[This is a guest post by Doug Ward, who teaches courses in editing, reporting, history and innovation at the William Allen White School of Journalism and Mass Communication at the University of Kansas. You can find him online at www.kuediting.com and www.journalismtech.com, and follow him on Twitter @kuediting.--@jbj]

News that all the graduate students in my Future of Media seminar would receive iPads for the semester generated a flurry of excitement.

Some students replied with exclamation points in their email messages. Some stopped and asked when the iPads would be available. Others passed on word to classmates and seemed to enjoy the envious responses.


Then something odd happened: The students, all in their mid- to late 20s, became self-conscious about carrying iPads. They refused to use them in public. They felt elitist. In their eyes, the iPad represented snobbery, a technological tool that no one needed and whose utility was far from apparent. Used to a graduate student frugality, they didn’t want to be seen as profligate.

I was surprised about the students’ embarrassment. Part of the experiment of having the iPads was to consider how tablets might fit into the future of media. Were they a fad or a potential institution? Would they displace laptops? Become a favored companion to smartphones? How might journalists use them? Educators? Students?

Not all students are tech-savvy, of course, but I was expecting these students to take to the iPad quickly and show me new ways of using it as we explored tablets’ place in the future of media.

Perhaps I shouldn’t have been surprised, though. Last year, a psychological profile of iPad owners described them as “selfish elites.” And earlier this year, a study found that those most likely to buy iPads had incomes of $100,000 or more.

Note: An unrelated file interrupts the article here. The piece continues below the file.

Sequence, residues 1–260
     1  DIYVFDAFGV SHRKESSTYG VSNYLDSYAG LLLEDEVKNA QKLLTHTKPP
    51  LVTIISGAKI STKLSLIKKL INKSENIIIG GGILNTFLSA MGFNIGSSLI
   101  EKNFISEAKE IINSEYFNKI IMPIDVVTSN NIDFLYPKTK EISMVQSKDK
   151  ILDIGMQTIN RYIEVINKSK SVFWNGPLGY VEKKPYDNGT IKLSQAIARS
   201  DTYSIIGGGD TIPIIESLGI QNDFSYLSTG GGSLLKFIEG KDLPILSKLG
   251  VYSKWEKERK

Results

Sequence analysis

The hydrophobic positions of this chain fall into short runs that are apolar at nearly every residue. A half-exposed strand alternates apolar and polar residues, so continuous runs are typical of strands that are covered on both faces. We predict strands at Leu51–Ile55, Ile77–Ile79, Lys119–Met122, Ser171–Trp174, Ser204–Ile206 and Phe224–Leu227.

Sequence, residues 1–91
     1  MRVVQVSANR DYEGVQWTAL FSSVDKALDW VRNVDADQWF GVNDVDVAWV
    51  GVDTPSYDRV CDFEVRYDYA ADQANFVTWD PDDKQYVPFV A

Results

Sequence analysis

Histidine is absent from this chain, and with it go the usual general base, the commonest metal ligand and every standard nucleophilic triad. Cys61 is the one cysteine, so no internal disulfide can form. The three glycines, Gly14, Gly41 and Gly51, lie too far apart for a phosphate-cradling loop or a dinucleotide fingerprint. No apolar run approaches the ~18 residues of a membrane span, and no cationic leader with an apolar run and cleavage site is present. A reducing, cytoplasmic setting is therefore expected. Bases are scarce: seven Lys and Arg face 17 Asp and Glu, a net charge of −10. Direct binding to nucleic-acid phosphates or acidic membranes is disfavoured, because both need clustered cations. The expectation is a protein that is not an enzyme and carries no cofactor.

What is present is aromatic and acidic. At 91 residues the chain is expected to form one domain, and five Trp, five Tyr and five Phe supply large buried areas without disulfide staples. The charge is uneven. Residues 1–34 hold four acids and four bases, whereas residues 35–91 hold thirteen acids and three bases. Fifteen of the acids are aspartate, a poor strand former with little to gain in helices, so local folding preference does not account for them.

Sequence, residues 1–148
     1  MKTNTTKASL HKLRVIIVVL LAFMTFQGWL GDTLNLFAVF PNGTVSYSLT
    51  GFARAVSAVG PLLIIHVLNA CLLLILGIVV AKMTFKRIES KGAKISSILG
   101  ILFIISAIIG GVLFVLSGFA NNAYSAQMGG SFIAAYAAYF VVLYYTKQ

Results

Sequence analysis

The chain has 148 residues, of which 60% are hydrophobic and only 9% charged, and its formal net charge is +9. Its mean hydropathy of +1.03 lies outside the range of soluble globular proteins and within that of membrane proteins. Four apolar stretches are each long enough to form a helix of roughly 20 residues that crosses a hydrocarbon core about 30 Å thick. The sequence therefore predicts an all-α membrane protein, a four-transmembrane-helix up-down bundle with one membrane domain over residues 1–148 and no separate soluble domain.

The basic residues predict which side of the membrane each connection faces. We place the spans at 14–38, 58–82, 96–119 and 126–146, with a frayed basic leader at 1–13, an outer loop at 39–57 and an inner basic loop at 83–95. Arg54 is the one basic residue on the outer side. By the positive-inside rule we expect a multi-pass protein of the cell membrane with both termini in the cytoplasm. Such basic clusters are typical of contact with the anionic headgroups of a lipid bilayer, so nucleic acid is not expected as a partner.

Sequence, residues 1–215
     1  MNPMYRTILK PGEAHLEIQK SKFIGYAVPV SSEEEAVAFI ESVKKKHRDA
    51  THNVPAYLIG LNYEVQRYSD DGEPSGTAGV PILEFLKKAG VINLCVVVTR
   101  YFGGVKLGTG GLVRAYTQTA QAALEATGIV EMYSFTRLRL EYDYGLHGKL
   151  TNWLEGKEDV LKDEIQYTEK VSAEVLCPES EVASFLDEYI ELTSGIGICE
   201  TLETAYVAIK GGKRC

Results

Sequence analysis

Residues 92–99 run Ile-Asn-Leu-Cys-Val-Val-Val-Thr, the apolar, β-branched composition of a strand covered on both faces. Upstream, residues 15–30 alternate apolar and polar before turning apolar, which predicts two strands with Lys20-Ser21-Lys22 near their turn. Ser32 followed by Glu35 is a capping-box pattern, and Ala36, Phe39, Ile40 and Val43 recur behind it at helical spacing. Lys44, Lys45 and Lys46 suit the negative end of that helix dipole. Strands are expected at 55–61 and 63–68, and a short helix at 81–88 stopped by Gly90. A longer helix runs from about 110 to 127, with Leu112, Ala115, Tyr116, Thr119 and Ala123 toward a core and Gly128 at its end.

Those characteristics described none of the nine students in my seminar, or me for that matter. Nonetheless, I understood the feeling of standing out while using an iPad. I had read about iPads making people targets for thieves, and was hesitant to use my own tablet too openly. On a recent train trip, I tried to use it covertly, though without much luck. The iPad immediately drew attention to itself and to me.


“I’ve got to have one of those!” a tween girl said as she stopped next to my seat. “Are they cheap?”

I told her no.

She groaned. “But I’ve got to have one! Everybody has one.”

Not true, of course, but in the cars of the Amtrak train, I saw a handful of tablets and at least a dozen e-readers. After the tween girl bounded back to her seat, a 60-something man across the aisle talked about his conversion to a Barnes & Noble reader for reading The New York Times. He had resisted the idea of an e-reader for a long time, he said, but finally gave in. Now, he said, he has no interest in going back to paper. He’s cut down on clutter and reads more than ever. That drew a comment from the man’s seat mate, who said he was still content with paper.

The comments I received on the train fell right in line with the experiences of my students. When they did use their iPads in public, the tablets became conversation starters, social instigators of sorts. People were curious, not derisive, even if the students themselves felt self-conscious.


We talked about this self-consciousness in class. Was this a case of Midwestern humility? Of anxiety about being at the head of the technological pack? Of being thrust into a social role they were uncomfortable with?

Perhaps all of those, they said. They seemed relieved that others were having similar feelings. The one student who hadn’t been self-conscious said she had become so after hearing the other students’ stories. They all wanted to push on, though, and had no interest in giving up their iPads despite the social discomfort. Three weeks into the semester, I’ve been seeing more of the students carry the iPads openly.

In the coming weeks, we will keep examining the feelings and perceptions the iPad raises. From the start, I had many questions I wanted the students to consider about tablets and the future of media. I hadn’t anticipated how personal this project would become, though. As we explore the future of tablets and the future media, we are also exploring ourselves.

Have you used iPads or other tablets in a class? How did your students react?

Photo by Flickr user Karen Horton / Creative Commons licensed